# Five-Dollar Words for Programmers, Part One: Idempotence

Programmers, particularly those with a mathematical background, often use words from mathematics when describing their systems. Unfortunately, they also often do so without consideration of the non-mathematical background of their colleagues. I thought I might talk today a bit about the word “idempotent”. This is a very easy concept but lots of people don’t know that there is a word for it.

There are two closely related mathematical definitions for “idempotent. First, a value is “idempotent under function foo” if the result of doing foo to the value results in the value right back again. Another common way to say this is that the value is a fixpoint of foo.

Second, a function is “idempotent” if the result of doing it twice — where we are feeding the output of the first call into the second call — is exactly the same as the result of doing it once. Or, in other words, every output of the function is idempotent under it. Or in even more other words, every output of an idempotent function is a fixpoint of the function.

The most trivial mathematical example of the second kind is the constant function. If f(x) = c, then clearly f(x) = f(f(x)) = f(f(f(x))) … so f is idempotent (and the constant is idempotent under it).

The identity function f(x) = x is also idempotent; I’m sure you see why.

The function that takes a finite set of numbers and returns a set containing only its largest element is idempotent (and every one-element set is idempotent under it). I’m sure you can think of lots of examples of idempotent functions.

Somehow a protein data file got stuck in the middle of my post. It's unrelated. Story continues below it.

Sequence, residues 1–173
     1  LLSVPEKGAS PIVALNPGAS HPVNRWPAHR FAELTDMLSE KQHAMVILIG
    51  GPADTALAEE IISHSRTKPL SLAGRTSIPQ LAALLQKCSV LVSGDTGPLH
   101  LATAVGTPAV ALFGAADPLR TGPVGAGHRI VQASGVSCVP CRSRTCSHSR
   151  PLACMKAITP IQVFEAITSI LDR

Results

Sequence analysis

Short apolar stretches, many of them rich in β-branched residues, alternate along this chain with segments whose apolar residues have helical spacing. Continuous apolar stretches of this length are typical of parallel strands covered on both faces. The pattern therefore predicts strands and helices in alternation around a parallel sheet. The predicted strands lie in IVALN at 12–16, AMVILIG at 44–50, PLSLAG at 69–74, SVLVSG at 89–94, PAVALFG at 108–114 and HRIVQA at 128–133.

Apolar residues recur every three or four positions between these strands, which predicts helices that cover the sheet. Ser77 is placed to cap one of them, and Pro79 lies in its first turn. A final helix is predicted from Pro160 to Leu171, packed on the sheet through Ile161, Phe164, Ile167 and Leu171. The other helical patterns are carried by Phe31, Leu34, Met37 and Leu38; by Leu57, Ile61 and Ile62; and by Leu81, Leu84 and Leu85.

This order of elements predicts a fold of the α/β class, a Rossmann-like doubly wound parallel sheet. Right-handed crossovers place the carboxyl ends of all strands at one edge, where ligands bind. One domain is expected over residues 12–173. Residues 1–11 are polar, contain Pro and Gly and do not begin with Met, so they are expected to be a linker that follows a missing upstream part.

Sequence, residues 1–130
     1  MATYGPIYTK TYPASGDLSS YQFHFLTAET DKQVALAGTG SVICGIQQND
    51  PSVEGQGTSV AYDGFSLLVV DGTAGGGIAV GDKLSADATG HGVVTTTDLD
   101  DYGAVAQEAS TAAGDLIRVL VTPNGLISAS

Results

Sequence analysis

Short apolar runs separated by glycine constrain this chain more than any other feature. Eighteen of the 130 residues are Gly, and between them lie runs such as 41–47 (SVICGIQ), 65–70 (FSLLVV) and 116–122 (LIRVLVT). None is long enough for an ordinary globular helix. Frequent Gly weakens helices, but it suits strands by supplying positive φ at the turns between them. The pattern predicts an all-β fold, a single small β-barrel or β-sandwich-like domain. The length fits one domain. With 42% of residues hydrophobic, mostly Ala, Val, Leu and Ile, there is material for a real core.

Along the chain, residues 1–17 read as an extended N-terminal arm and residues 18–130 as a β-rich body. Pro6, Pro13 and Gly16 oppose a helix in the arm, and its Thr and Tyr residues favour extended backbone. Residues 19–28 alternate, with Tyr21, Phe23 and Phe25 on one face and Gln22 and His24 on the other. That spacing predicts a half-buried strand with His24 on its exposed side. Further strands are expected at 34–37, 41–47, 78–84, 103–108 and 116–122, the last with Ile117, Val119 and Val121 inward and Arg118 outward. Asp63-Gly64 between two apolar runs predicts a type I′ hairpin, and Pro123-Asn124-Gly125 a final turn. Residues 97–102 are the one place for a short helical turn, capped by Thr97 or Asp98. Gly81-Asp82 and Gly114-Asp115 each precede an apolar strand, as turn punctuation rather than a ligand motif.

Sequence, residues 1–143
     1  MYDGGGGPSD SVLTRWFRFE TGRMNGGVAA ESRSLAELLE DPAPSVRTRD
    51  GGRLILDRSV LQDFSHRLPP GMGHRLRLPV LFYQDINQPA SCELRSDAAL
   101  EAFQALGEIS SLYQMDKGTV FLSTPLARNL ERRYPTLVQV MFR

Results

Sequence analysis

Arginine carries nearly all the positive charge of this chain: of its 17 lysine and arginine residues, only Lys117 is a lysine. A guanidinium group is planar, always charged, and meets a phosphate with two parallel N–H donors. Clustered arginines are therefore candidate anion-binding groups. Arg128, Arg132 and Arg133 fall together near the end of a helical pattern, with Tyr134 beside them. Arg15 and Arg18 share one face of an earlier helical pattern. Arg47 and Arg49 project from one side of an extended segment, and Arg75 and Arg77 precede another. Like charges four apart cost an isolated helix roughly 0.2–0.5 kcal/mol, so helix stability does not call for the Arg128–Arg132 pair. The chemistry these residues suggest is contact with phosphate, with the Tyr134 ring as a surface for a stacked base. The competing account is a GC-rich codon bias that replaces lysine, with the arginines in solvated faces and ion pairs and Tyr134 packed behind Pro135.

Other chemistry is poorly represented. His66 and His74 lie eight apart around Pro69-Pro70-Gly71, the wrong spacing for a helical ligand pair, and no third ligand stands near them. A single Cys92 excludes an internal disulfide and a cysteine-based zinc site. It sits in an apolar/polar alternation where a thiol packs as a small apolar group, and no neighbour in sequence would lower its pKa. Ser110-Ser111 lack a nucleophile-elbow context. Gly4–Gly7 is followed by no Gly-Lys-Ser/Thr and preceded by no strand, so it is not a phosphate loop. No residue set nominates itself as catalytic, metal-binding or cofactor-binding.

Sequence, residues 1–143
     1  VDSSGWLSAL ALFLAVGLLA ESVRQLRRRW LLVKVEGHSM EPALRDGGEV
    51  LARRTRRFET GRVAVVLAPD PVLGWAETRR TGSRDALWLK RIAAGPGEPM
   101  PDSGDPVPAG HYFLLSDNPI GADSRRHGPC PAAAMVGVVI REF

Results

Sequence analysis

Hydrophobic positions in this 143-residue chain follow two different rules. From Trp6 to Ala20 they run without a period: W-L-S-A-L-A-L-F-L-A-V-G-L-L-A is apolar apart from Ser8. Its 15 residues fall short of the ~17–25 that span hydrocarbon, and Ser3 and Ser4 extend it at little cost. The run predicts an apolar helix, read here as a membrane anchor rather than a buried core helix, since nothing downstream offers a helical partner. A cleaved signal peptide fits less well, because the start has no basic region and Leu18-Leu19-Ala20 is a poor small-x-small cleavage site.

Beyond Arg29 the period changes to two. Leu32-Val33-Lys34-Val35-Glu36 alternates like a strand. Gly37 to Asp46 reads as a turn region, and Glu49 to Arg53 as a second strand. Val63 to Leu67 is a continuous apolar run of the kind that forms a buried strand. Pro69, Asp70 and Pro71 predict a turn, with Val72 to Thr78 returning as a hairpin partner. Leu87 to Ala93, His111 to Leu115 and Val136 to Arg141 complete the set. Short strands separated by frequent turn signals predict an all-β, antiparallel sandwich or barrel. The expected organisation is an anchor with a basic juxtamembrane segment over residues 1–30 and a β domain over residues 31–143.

To get a handle on the other sense, pick an operation — say, doubling. The only value which is idempotent under that operation is zero. The operation “subtracting any non-zero value” has no idempotent values. Squaring has two idempotent values, zero and one.

The way programmers use “idempotent” is slightly different, but this concept comes up all the time in practical programming, particularly around caching logic. Usually when used in the computer science sense we don’t mean that the effect of the function is invariant under composition of the function with itself, but rather that it is invariant over any number of calls greater than one. For example, I don’t know how many times I’ve written:

```HRESULT GetTypeLibCreator(ICreateTypeLib2 ** ppctl)
{
if (this->m_pctl == NULL)
{
HRESULT hr;
hr = CreateTypeLib2(SYS_WIN32, pszName, &this->m_pctl);
if (FAILED(hr))
return hr;
}
*ppctl = this->m_pctl;
return S_OK;
}```

A nice little idempotent function — calling it two, three, or any other number of times with the same arguments has exactly the same result as calling it once.

The place you see the other characterization of idempotence all the time is in C++ header files. Include a needed header zero times and you’ll get “not defined” errors. Accidentally include it twice and you’ll get “redefinition” errors. It’s a major pain to make sure that every header file is included exactly once. Therefore, most headers use some trick to make them idempotent under the inclusion operation:

```#ifndef STUFF_H_INCLUDED
#define STUFF_H_INCLUDED

#endif // STUFF_H_INCLUDED```

or in more modern systems, the “#pragma once” directive makes headers idempotent under inclusion.

# Floating Point Arithmetic, Part One

A month ago I was discussing some of the issues in integer arithmetic, and I said that issues in floating point arithmetic were a good subject for another day. Over the weekend I got some questions from a reader about floating point arithmetic, so this seems like as good a time as any to address them.